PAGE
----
Since posting the story about how 18 patients at Forsyth Medical Center in Winston-Salem, NC, were possibly exposed to the rare but deadly Creutzfeldt-Jakob Disease (CJD), we’ve had folks ask for more information. While there has been no additional information provided by the hospital, we’ve put together this list of answers to common questions:
I’ve never heard of Creutzfeld-Jakob Disease—what is it?
CJD is an incurable brain disease that causes rapidly progressive dementia, leading to death within months. It is rare, but deadly.
According to the Mayo Clinic, initial signs and symptoms of CJD include personality changes, depression, memory loss, impaired thinking, blurred vision, insomnia, difficulty speaking and swallowing, and having sudden, jerky movements. The symptoms all get worse as the disease progresses. Most people eventually lapse into a coma.
It can take years for the symptoms to develop once the disease is present, but death usually occurs within a year of diagnosis. The only definitive test for CJD is examination of brain tissue, which requires brain surgery. If CJD is suspected, doctors may use magnetic resonance imaging (MRI) to view pictures of the brain, electroencephalograms (EEG) to measure the brain’s electrical activity, or spinal fluid tests (the so-called spinal tap) to look for a particular protein marker.
How do you get CJD?
CJD is caused when mutated prions spread throughout a person’s brain. Sometimes the abnormal prions come from the outside (such as if you eat beef from a cow infected with Mad Cow disease), and sometimes it happens when normal prion proteins spontaneously mutate and spread within the brain.
What are prions?
Prions are proteins that are commonly found in living things—including people. Problems arise when one of these proteins mutates into a form that causes a disease. One mutated prion wouldn’t cause disease, but unfortunately, the new, mutated prion acts as a kind of template encouraging other proteins to become mutated. That’s how the disease “spreads.”
Is this the same as Mad Cow Disease?
It’s not the same, but it is similar. Mad Cow and CJD are both caused by mutant prions, and they cause the same symptoms. A person can get the human form of Mad Cow disease by eating infected beef. The person at Forsyth Medical Center had a form of CJD that started in his own body, not by eating infected meat.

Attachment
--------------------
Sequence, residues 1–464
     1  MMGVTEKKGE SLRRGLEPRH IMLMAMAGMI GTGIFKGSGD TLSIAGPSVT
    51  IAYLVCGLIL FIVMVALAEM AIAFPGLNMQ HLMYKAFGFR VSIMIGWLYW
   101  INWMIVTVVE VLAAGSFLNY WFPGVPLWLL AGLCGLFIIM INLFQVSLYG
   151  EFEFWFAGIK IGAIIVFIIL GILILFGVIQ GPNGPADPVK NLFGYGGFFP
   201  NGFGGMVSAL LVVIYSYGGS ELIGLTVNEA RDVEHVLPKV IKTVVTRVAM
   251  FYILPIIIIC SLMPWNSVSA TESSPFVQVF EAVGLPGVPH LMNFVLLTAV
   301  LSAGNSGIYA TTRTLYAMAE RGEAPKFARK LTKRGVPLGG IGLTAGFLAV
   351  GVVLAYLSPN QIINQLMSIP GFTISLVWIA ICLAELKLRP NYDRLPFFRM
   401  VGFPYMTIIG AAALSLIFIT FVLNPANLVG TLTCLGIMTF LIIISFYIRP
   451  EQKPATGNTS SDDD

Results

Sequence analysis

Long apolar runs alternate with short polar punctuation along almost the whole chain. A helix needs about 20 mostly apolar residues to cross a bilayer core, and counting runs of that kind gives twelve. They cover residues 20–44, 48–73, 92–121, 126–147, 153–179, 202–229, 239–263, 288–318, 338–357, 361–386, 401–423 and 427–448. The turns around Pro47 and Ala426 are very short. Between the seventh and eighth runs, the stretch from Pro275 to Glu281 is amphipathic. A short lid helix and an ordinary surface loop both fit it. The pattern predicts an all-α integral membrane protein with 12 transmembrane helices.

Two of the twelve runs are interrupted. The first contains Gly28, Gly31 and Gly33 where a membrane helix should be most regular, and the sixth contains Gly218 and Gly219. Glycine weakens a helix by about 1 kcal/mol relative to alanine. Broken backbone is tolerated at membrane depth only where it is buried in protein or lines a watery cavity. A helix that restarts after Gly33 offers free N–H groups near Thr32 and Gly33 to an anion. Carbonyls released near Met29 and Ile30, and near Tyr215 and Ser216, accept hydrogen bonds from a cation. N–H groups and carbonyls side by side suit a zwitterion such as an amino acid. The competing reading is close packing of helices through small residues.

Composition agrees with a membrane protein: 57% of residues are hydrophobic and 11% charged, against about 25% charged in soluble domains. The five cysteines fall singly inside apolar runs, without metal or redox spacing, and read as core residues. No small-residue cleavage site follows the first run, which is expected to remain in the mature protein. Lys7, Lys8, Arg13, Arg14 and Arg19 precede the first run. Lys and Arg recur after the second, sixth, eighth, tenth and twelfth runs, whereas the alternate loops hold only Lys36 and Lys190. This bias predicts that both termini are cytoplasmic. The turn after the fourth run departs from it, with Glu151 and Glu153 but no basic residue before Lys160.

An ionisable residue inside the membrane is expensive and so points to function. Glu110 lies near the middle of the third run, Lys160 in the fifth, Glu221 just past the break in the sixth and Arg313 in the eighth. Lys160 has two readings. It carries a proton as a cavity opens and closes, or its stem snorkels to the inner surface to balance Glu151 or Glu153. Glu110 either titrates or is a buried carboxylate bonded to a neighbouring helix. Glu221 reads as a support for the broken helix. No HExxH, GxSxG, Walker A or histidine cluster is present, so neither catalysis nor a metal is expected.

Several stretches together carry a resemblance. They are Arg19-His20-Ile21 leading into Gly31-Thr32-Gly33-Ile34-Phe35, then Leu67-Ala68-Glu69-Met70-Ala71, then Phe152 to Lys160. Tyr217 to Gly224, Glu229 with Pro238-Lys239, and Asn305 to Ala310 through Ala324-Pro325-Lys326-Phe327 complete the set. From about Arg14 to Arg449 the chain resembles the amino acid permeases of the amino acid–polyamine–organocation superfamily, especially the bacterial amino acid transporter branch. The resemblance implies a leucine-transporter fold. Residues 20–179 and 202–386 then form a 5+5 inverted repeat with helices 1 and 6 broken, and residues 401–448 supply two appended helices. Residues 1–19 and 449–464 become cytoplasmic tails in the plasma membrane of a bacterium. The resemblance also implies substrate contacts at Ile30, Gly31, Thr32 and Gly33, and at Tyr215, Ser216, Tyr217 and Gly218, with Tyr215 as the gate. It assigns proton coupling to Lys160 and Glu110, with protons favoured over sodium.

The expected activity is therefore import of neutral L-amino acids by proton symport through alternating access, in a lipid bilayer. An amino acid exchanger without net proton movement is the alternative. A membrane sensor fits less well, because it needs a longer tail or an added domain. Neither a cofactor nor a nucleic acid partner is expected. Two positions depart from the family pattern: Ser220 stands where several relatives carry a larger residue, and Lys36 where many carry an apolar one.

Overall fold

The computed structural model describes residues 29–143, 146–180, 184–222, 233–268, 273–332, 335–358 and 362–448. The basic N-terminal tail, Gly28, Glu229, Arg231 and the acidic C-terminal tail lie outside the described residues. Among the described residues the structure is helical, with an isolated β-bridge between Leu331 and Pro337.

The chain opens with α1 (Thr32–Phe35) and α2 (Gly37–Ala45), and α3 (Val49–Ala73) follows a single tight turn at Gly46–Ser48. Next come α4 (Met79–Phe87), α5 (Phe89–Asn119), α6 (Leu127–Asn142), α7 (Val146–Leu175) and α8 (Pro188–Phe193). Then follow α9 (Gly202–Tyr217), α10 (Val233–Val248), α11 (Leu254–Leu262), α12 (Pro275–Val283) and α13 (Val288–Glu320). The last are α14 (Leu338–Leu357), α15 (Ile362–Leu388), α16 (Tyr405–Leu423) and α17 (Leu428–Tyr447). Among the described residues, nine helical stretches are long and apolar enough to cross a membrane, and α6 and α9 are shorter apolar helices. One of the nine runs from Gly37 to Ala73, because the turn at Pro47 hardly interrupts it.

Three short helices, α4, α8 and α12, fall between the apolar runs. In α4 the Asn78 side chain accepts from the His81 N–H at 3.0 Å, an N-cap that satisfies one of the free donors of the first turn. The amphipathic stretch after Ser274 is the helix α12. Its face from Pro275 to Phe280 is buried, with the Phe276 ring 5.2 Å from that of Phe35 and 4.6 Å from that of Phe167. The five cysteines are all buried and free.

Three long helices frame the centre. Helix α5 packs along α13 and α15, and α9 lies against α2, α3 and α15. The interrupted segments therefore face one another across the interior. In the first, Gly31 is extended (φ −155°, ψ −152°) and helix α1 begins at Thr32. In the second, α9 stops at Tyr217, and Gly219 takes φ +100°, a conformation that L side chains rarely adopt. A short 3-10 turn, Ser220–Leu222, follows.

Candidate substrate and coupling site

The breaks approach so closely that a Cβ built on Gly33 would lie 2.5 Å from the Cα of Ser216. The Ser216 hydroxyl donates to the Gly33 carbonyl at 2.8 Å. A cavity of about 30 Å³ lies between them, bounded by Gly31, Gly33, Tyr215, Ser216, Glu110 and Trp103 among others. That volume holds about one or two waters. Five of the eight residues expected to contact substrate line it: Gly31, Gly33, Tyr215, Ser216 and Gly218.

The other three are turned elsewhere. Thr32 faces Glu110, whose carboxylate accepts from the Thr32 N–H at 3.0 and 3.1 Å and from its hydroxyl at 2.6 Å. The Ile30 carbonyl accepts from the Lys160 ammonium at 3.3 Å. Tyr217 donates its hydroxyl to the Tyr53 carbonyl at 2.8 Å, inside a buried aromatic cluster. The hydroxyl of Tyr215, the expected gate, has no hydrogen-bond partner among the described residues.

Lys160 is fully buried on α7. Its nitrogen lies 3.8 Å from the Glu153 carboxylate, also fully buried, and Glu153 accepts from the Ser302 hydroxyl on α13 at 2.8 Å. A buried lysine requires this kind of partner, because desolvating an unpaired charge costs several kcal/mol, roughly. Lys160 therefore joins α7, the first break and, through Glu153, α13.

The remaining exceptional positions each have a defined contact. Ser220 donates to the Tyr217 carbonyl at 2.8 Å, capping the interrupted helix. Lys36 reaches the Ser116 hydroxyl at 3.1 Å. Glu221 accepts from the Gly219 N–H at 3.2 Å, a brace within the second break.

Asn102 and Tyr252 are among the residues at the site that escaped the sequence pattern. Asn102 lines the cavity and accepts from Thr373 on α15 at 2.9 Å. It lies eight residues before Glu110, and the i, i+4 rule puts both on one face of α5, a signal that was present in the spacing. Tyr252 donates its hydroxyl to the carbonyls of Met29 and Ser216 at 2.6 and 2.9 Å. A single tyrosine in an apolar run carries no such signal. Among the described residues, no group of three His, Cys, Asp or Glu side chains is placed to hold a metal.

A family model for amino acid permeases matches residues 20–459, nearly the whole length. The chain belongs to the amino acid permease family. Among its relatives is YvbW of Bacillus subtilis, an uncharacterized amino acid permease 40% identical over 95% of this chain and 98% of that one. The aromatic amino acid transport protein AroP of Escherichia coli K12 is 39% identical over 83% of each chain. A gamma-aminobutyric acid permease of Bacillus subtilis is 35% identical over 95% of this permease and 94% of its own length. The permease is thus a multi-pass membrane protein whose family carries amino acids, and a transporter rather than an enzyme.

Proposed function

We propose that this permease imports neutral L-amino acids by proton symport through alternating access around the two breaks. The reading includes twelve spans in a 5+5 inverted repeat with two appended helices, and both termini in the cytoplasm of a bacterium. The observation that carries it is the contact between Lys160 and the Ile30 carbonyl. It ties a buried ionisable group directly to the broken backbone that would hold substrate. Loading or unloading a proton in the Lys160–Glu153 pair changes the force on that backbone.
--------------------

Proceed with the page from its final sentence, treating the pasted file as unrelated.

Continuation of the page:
How do you kill a prion?
Prions aren’t “alive” the way viruses or bacteria are alive. They are pure protein. So to get rid of the risk from mutated prions, you don’t “kill” them; you “inactivate” them.
Prions are very, very difficult to inactivate. If you simply bury mutated prions (such as burying the carcass of a cow with mad cow disease), the prions will live on in the soil and could possibly leach into the groundwater. What about burning? Experiments have shown that prions can remain active even after being exposed to temperatures of 1100 to 1800 degrees Fahrenheit. Radiation doesn’t inactivate them. Freeze them in ice, and they will still be active when unfrozen.
The proper way to sterilize surgical instruments used on patients with CJD is very complex (see information from the Centers for Disease Control and Prevention (CDC) here: http://1.usa.gov/1nzhwnD). It involved immersing the instruments in a pan of chemicals, then heating them in a gravity displacement autoclave before continuing with additional sterilization.
How were patients at Forsyth Medical Center exposed to CJD?
According to the announcement by the hospital, doctors operated on a patient who was suspected (and later confirmed) to have CJD. After the surgery, the medical instruments used went through standard sterilization. If CJD is suspected, the Centers for Disease Control and Prevention (CDC) recommends that medical instruments either get disposed of (and incinerated), or go through a more extensive sterilization that inactivates prions.
Because the medical instruments only went through standard sterilization, any remaining prions would be capable of infecting anyone who received surgery using those same instruments. According to the hospital, 18 patients had neurosurgery with the improperly sterilized medical instruments, so they were potentially exposed to CJD prions.
Has this ever happened in North Carolina before?
As far as we know, this exact problem hasn’t occurred before. However, in 2004, Duke University Medical Centers improperly sterilized surgical instruments, exposing hundreds of patients to disease and toxic fluid. In that case, instead of standard sterilization with detergent, the detergent was negligently replaced with elevator hydraulic fluid that had been drained from a parking deck elevator during maintenance. HensonFuerst Attorneys in Raleigh represented dozens of those patients who had physical problems resulting from that sterilization problem.